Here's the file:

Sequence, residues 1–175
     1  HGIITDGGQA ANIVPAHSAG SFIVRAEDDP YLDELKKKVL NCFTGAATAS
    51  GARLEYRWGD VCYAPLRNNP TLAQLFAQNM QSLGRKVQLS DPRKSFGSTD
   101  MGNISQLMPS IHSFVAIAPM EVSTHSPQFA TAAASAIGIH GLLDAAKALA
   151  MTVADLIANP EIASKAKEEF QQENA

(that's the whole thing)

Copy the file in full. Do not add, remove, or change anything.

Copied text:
Sequence, residues 1–175
     1  HGIITDGGQA ANIVPAHSAG SFIVRAEDDP YLDELKKKVL NCFTGAATAS
    51  GARLEYRWGD VCYAPLRNNP TLAQLFAQNM QSLGRKVQLS DPRKSFGSTD
   101  MGNISQLMPS IHSFVAIAPM EVSTHSPQFA TAAASAIGIH GLLDAAKALA
   151  MTVADLIANP EIASKAKEEF QQENA